|Posted on 22 August, 2016 at 22:20||comments ()|
Massive open online courses (MOOC) is a relatively new means of assessing education with little or no costs. All the participant needs to have is a computer with internet connectivity and this will enable him participate in online study programs at his own pace. The number of participants can range from a few hundred to several thousand and more American universities are using this means of teaching to reach more participants who are un able to attend a convential university as a result of costs or their tight schedule.
MOOCs definitely have their advantages such as it being free (unless there is need for some form of program accreditation), learning in an informal manner that enable participant learn at their own pace and the fact that participants work can be shared, critiqued by co-participants, which gives them something of a peer review approach. However, there are obvious disadvantages to this form of mass learning as it relates to the inability of students to engage in real world socializing and networking. There is the point about academic dishonesty that have not been addressed, as there bis little or no supervision by course providers to participants.
All said, if these concerns are adequately addressed, this mode of learning might be benficial to students from developing countries who may want higher education and their own pace, with little or now costs implications and also gain access to some world class professors in their chosen field.
|Posted on 8 August, 2016 at 18:15||comments ()|
As a result of foreign exchange difficulties being experienced by Nigerians in recent times, what are the options available to them to gain access to quality international education? A Vanguard newpaper story of August 4, 2016 captioned "Nigerian medical scholars in Caribbean take to stealing" is particularly pathetic. The story has it that 16 students who are being sponsored by a State government hava been abandoned and things have gotten so bad that some of them have resorted to stealing.
Other stories in the media in Canada similarly paint a very depressing situation, for example a CBC news report by Nancy Russell on February 17, 2016 captioned "Nigerian students at UPEI struggle to pay tuition in wake of banking changes" also a CBC news story by Geoff Leo on November 23, 2015 captioned "U of M students fear deportation after Nigerian government fails to pay tuition" and another report by the same editor on November 23, 2015 captioned "Cash-stapped U of R students 'abandoned' by Nigerian scholarship program".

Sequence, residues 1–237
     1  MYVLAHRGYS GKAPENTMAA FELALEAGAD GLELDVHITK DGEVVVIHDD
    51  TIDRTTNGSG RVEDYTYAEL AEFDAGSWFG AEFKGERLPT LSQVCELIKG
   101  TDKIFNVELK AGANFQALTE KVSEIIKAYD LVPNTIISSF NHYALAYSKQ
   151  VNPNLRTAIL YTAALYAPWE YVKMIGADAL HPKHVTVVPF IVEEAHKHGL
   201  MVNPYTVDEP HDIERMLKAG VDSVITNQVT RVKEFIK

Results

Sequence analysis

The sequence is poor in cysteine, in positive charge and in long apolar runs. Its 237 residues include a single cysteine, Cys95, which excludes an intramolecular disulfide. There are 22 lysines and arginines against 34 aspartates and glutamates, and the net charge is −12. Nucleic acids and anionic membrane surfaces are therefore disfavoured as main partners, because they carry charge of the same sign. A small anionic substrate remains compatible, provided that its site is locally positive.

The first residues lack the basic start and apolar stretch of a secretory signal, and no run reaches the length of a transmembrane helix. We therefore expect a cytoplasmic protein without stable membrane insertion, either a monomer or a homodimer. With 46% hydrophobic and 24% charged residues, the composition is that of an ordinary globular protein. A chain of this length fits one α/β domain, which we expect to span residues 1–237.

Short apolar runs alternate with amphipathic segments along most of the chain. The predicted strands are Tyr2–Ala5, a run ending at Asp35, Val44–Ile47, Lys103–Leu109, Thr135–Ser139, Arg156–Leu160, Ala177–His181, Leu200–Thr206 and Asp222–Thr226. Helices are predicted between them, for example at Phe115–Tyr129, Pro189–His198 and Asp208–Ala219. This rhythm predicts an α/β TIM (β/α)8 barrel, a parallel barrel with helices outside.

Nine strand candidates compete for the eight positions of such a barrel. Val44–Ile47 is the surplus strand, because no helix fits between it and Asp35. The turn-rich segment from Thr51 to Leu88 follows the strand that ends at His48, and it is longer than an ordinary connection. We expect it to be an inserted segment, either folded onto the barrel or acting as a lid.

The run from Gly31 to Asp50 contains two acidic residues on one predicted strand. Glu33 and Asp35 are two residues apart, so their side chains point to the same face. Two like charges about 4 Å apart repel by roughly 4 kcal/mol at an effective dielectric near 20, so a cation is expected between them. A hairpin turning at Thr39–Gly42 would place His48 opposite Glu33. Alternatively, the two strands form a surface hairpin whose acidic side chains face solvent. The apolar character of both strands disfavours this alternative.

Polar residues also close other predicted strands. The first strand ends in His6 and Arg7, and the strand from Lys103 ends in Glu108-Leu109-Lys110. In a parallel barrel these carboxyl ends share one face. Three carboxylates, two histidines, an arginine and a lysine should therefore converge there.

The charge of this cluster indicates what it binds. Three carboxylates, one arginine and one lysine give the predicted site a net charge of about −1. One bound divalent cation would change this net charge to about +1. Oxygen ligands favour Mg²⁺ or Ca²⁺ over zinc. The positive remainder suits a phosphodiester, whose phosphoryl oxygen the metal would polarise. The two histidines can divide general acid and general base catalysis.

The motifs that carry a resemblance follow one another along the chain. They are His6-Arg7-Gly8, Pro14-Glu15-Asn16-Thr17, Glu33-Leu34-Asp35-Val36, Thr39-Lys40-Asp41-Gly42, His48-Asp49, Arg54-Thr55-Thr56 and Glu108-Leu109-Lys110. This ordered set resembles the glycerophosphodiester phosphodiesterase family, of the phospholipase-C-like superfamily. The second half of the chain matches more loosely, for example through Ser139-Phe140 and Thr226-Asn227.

In light of the above stories, the question is what is the way forward for Nigerian students, or students from other nations who crave for quality foreign education in the present circumstances? Is trans-national programs, whereby the universities establish out-reach campuses in developing countries like Nigeria the way forward or should there be more online degree programs available to students from developing countries in their home countries, which will lead to less expensive education gained from respected international universities and other educational institutions?
There definitely has to be a rethink of education in countries like Nigeria, in which the brightest and the best students will still be able to have access to good foreign education without them being subjected to emotional stress.
|Posted on 25 July, 2016 at 15:05||comments ()|
The costs of international students education globally is a source of concern, it is no secret that international students pay far too much to get education in most countries and there is need for urgent solution to this problem. What is the way forward? International students should be viewed more in terms of what they bring to the educational institutions in more developed countries, which are mostly the receiving countries in terms of their cultural diversity and the need to have university campus reflect the global village the world has become.
If educational institutions in more developed economies continue to charge tuition fees that are out of the reach of brilliant but not so wealthy students from sending less developed countries, they stand the risk of missing out on getting the brighest and the best students that will be of great benfits to them in the long term. There needs to be a rethink on creteria for recruiting international students and is less about affordability and more about what the students can offer in terms of academics. Presently, international students are paying far too much to get educated in developed countries and in some coutries, they pay as much as three times what domestic students pay.
There has to be creative ways in which international students can get educated in developed countries without screening them out based on their financial situation. There needs to be a lowering of tuition fees for international students to accommodate their financial challenges.